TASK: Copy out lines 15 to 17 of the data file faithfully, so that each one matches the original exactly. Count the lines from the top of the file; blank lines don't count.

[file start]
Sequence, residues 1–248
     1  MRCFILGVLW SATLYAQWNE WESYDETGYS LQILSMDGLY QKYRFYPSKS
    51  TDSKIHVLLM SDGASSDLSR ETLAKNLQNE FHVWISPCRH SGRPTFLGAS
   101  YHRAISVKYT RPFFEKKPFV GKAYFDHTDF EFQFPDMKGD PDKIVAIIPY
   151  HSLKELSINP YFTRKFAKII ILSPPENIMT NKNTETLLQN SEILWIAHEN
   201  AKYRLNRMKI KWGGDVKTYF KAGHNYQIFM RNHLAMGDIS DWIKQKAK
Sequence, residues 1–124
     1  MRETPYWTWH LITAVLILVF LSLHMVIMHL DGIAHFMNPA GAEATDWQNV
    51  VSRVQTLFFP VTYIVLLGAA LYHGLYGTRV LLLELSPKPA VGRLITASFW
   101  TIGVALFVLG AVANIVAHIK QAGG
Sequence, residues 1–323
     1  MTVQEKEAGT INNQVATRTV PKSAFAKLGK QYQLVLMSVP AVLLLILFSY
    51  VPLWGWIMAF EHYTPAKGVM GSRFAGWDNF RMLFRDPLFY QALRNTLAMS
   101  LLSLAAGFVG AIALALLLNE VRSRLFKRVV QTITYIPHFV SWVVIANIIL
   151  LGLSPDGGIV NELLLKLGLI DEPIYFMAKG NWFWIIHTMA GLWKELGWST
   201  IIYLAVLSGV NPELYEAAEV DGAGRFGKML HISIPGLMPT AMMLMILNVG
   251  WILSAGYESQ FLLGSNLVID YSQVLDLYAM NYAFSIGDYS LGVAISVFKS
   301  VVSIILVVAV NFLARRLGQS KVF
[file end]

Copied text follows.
   151  LGLSPDGGIV NELLLKLGLI DEPIYFMAKG NWFWIIHTMA GLWKELGWST
   201  IIYLAVLSGV NPELYEAAEV DGAGRFGKML HISIPGLMPT AMMLMILNVG
   251  WILSAGYESQ FLLGSNLVID YSQVLDLYAM NYAFSIGDYS LGVAISVFKS